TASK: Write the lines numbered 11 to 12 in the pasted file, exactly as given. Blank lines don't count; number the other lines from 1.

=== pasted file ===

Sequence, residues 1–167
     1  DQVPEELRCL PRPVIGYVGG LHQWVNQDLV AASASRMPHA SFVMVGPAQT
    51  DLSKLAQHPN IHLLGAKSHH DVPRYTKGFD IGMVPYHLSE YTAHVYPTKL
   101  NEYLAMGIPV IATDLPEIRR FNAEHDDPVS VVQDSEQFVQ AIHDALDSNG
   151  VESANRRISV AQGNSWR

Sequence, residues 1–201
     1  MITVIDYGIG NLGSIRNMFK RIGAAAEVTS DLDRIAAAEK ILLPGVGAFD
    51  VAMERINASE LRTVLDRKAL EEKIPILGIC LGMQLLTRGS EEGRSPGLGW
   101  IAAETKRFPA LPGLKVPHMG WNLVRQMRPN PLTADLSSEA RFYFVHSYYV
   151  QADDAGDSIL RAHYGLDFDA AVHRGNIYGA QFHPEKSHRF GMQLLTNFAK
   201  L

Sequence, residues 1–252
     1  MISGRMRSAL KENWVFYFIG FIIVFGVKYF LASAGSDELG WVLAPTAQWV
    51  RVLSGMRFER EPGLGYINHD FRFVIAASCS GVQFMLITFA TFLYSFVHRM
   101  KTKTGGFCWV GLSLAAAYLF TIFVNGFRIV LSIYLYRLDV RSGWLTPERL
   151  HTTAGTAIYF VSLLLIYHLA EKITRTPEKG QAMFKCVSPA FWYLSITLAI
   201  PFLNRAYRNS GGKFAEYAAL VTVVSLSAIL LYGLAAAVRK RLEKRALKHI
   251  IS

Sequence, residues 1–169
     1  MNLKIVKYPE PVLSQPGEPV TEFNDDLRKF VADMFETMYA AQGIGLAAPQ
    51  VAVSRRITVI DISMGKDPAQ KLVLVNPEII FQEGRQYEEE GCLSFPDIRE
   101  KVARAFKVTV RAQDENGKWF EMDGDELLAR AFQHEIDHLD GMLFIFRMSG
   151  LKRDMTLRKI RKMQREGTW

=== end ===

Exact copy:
   201  L

Sequence, residues 1–252